We Are Complicated

“What Faye won’t understand and may never understand is that there is not one true self hidden by many false ones. Rather, there is one true self hidden by many other true ones. Yes, she is the meek and shy and industrious student. Yes, she is the panicky and frightened child. Yes, she is the bold and impulsive seductress. Yes, she is the wife, the mother. And many other things as well. Her belief that one of these is true obscures the larger truth, which was ultimately the problem with the blind men and the elephant. It wasn’t that they were blind – it’s that they stopped too quickly, and so never knew there was a larger truth to grasp. … Seeing ourselves clearly is the project of a lifetime”- from Nathan Hill’s novel The Nix

Where We See Most Clearly the Sinfulness of Sin

“Never was sin seen to be more abominably sinful and full of provocation than when the burden of it was upon the shoulders of the Son of God…Would you, then, see the true demerit of sin?—take the measure of it from the mediation of Christ, especially his cross.” -John Owen, Communion with the Triune God

Grace Makes Self-Knowledge Possible

“The assurance of His total forgiveness of our sins through the blood of Christ means we don’t have to play defensive games anymore. We don’t have to rationalize and excuse our sins. We can call sin exactly what it is, regardless of how ugly and shameful it may be, because we know that Jesus bore that sin in His body on the cross.” -Jerry Bridges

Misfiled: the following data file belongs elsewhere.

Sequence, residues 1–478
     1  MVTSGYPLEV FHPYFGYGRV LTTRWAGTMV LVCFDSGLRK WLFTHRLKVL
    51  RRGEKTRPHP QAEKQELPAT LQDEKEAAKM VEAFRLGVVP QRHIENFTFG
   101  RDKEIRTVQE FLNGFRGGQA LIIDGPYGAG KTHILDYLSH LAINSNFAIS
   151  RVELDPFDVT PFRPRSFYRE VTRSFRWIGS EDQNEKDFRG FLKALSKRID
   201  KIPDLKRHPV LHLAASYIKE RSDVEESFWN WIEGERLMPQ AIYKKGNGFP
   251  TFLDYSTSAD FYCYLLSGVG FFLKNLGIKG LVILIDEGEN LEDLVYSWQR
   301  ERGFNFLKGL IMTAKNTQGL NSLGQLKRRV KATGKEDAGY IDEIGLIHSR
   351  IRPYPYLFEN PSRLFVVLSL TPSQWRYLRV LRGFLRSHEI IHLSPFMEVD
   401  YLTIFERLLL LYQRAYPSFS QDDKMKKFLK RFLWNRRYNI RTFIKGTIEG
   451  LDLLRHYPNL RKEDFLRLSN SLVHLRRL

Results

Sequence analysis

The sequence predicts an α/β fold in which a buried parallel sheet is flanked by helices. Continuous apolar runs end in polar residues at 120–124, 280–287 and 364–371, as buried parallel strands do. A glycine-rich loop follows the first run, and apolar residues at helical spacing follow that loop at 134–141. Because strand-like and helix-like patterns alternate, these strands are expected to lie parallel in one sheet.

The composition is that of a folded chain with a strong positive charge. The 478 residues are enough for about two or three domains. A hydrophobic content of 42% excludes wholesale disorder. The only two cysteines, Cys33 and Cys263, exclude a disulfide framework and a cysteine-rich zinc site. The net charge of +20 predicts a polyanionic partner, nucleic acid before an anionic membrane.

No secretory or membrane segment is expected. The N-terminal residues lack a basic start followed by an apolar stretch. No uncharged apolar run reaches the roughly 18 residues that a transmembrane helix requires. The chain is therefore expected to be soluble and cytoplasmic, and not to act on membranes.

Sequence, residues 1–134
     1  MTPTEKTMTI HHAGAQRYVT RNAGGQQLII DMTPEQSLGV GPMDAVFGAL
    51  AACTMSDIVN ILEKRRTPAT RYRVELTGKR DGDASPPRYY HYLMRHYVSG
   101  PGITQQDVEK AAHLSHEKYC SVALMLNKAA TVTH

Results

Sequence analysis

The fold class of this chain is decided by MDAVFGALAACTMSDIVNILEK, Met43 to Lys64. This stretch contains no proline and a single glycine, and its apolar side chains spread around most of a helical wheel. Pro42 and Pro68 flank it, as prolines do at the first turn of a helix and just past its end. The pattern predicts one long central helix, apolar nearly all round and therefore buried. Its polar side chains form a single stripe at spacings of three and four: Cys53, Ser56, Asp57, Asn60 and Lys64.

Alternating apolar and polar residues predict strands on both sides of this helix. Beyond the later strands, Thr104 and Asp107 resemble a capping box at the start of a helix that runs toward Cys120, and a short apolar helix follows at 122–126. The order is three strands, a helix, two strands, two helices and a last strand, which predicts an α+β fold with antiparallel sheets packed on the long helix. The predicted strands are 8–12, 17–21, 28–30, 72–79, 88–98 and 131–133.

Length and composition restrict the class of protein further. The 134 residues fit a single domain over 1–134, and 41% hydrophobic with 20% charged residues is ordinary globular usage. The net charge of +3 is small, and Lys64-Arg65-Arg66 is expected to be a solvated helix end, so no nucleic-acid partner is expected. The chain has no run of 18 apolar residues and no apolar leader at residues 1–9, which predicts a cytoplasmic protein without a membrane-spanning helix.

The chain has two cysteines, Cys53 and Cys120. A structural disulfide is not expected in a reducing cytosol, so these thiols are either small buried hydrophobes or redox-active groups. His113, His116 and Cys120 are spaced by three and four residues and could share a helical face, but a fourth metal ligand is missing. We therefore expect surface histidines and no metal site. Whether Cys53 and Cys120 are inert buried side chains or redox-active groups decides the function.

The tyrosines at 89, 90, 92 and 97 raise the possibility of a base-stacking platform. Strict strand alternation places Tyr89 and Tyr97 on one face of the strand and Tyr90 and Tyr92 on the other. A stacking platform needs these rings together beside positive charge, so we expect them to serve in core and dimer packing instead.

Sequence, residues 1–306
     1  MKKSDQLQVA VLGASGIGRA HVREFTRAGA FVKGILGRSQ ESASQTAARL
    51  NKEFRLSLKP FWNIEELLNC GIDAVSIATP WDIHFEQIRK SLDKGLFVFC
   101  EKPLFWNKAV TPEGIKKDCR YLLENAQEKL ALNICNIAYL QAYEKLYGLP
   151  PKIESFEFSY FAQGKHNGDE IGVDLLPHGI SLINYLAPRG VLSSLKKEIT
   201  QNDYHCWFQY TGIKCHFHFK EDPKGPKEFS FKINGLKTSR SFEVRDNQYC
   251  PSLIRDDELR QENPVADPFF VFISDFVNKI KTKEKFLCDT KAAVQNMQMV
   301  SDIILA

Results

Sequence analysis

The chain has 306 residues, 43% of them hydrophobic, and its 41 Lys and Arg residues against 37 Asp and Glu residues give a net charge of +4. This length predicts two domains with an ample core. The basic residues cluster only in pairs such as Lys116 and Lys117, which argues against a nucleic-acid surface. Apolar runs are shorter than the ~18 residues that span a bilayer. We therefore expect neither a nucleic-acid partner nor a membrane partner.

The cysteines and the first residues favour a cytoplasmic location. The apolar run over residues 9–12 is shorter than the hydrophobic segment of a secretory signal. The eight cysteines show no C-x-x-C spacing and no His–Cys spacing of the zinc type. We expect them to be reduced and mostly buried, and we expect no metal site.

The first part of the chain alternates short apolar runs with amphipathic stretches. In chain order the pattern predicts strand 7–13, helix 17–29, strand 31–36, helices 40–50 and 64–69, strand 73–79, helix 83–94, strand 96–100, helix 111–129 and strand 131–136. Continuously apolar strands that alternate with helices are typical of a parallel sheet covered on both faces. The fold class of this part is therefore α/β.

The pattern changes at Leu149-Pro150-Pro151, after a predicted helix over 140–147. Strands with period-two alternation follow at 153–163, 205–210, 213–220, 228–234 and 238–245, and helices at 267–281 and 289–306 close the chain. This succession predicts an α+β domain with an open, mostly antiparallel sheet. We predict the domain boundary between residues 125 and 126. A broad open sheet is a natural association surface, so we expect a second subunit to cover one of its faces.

Cultural Observation: We Have a Hard Time Looking in the Mirror

“How does anyone muster up the courage to take any soul to task— including his or her own? How dare you assert to anyone that most of our lives are spent in fogs of self-deception? Interestingly, modern secular thought has spent a lot of time probing our resistance to knowing ourselves accurately. Tracing such “resistance” became a staple of serious thought about human nature in the nineteenth and early twentieth centuries. Nietzsche, Marx, and the psychodynamic psychologists (Freud, Jung, Adler, existentialists) all agreed that people resist looking in the mirror. They wanted to make honest persons of us all, whatever the blows to our pride and self-satisfaction.

The “masters of suspicion” were brilliant at seeing that we delude ourselves. But they could never agree on what we were avoiding or what the alternative is. They could never answer the crucial question, What exactly is it that we’re all so unwilling to see? Is it perverse sexual impulses? Murderous hostilities? A cosmic dark side in our souls? A craving for power and superiority? A fear of death? The self-serving rationalization and hypocrisy of “civilized” existence? The inequities of wealth, power, and status? Great but godless thinkers disputed each other’s theories; a Christian sees that each was partly right. All these things squirm within our souls. But all the theorists were ultimately wrong because an even darker cinder smolders inside us: “The hearts of the sons of men are full of evil, and insanity is in their hearts throughout their lives” (Eccl. 9: 3). What is that referring to?” -David Powlison